Basketfield History, Family Crest & Coats of Arms
The name Basketfield was brought to England in the wave of migration that followed the Norman Conquest of 1066. The Basketfield family lived in Herefordshire, although the name is derived from the area of the family's residence sometime prior to the 1066 invasion. The family was formerly from Boscherville in Eure, Normandy. 
The name of this town comes from the Old Northern French elements bochet, which means copse or thicket, and ville, which means town.
However, another source has a slightly different place of origin, that of: "Nicholas de Basquevile, one of the six sons of Baudry-le Teuton, who derived his name from Basceville or Basqueville, in the Fays de Caux." 
Early Origins of the Basketfield family
The surname Basketfield was first found in Herefordshire, where "the family of Baskerville is one of the most ancient and honourable in England, and from the time of it's Norman patriarch, has continued to hold the highest position amongst the great landed proprietors. It's earliest residence was the castle of Erdisley." 
"Bacquevile or Baskerville is not written in Domesday; but Mr. A. S. Ellis suggests that the surname of Ralph, a sub-tenant of Roger de Laci, at Icombe, in Salemanesberie hundred, and Winrush, Gloucestershire, was probably De Baskerville. In 1109, Robert de Baskerville, on his return from the Holy Land, granted lands to Gloucester Abbey. Either he, or another of the same name, held five knight's fees in 1165 of Hugh de Laci in Herefordshire; and Radulph de Baskerville one fee under Adam de Port in the same county." 
Of this line one of the earliest records of the name was Sir Richard Baskerville of Erdisley who represented the county of Hereford in parliament in 1295. His wife was daughter of Rees ap Griffith, Prince of South Wales.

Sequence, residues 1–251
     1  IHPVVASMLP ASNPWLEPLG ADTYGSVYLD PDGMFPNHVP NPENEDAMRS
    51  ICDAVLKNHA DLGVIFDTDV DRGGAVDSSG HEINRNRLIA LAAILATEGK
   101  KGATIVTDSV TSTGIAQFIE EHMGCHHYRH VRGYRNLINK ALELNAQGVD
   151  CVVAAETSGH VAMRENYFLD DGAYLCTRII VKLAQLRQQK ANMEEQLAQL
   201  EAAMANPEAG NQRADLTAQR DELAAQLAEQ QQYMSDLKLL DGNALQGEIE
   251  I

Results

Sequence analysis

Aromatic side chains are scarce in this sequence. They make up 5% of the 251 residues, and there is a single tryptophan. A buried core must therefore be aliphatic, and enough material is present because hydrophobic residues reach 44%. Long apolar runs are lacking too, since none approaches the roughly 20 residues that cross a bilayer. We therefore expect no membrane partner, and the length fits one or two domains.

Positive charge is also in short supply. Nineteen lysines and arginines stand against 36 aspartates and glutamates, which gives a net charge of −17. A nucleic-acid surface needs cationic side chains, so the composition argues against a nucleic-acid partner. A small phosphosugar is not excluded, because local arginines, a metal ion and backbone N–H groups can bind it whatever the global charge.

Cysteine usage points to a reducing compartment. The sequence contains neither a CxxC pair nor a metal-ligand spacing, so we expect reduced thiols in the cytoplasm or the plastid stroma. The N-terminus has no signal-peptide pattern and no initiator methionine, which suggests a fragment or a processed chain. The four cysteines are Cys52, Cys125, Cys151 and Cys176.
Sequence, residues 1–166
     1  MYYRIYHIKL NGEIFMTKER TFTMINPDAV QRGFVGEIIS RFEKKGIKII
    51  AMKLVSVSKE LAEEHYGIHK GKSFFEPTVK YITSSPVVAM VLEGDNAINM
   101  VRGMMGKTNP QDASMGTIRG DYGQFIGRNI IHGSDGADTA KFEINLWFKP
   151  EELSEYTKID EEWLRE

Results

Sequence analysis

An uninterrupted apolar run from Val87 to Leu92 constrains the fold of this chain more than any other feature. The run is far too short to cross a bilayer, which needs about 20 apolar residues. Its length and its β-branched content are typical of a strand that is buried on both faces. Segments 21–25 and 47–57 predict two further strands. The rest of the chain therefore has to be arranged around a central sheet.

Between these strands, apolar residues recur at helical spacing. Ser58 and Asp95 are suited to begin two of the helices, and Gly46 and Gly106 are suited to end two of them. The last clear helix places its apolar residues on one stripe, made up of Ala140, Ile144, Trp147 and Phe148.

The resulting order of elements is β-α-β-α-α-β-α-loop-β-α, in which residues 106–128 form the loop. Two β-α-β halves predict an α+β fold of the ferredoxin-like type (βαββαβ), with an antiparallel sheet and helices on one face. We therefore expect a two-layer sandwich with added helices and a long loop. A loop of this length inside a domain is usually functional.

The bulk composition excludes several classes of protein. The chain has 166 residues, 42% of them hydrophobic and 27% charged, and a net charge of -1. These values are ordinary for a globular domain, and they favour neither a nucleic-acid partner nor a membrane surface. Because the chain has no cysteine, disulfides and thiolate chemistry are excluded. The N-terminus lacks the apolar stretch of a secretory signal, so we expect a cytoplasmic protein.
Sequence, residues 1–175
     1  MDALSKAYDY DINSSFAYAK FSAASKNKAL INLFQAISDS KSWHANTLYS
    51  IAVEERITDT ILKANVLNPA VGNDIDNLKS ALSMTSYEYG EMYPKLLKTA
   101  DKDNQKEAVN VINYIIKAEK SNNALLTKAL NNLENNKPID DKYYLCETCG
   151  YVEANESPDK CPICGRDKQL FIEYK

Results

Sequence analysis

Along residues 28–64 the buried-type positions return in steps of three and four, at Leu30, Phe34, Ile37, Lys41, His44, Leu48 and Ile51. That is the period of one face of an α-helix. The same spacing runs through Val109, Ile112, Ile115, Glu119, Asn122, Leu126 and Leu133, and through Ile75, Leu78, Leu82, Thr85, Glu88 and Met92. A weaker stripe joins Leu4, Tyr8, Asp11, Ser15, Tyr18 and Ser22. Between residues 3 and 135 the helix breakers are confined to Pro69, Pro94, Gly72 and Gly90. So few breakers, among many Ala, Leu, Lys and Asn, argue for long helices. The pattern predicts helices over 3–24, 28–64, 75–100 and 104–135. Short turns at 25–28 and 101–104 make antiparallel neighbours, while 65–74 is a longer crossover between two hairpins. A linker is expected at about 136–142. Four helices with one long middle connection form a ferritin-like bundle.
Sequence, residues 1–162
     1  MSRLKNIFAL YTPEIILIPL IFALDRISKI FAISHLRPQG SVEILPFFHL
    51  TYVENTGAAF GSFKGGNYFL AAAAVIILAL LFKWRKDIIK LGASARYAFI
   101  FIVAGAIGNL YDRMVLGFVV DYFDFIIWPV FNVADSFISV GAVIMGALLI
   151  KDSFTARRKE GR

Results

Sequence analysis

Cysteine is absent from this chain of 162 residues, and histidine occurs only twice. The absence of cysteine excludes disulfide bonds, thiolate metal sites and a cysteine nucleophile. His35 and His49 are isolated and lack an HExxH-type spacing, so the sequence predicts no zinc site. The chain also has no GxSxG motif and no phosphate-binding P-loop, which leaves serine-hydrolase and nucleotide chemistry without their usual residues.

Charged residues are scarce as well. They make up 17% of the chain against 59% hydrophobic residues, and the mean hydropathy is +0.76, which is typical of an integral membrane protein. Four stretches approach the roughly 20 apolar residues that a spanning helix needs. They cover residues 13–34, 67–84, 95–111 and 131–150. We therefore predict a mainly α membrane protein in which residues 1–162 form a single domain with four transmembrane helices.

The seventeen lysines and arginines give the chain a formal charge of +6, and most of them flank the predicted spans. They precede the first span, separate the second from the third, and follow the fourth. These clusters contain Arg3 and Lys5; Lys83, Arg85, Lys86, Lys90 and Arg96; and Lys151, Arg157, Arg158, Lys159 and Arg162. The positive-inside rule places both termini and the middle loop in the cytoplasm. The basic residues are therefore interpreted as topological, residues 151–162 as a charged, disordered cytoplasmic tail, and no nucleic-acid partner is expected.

Roger de Bascheruilla was listed in Gloucestershire in 1127.  Shropshire had the following early records: Roger de Bascrevill (reign of Henry III); and Nesta de Baskervill. The Hundredorum Rolls of 1273 listed Hugh de Baskerville in Shropshire. 
Some of the family have been well established at Winterbourne-Basset since early times. "Some property here formerly possessed by the Baskervilles has descended to Lord Holland. The church is a small ancient edifice with a neat tower, containing portions in the early and later English styles; it has a handsomely carved font, and in one of the aisles is a singularly elegant window: the chief monuments are of the family of Baskerville, who long resided here." 
Baskerville Hall, formally Clyro Court and the legend of Squire Richard Cabell in Buckfastleigh, Devon is generally thought to have been the inspiration for Sir Arthur Conan Doyle's The Hound of the Baskervilles.
Early History of the Basketfield family
This web page shows only a small excerpt of our Basketfield research. Another 126 words (9 lines of text) covering the years 1922, 1936, 1295, 1314, 1315, 1572, 1597, 1592, 1615, 1640, 1597, 1668, 1630, 1720, 1574 and 1641 are included under the topic Early Basketfield History in all our PDF Extended History products and printed products wherever possible.
Basketfield Spelling Variations
Spelling variations in names were a common occurrence in the eras before English spelling was standardized a few hundred years ago. In the Middle Ages, even the literate regularly changed the spellings of their names as the English language incorporated elements of French, Latin, and other European languages. Many variations of the name Basketfield have been found, including Baskerville, Baskervile, Baskervill, Baskerfield, Baskervyle, Basquill and many more.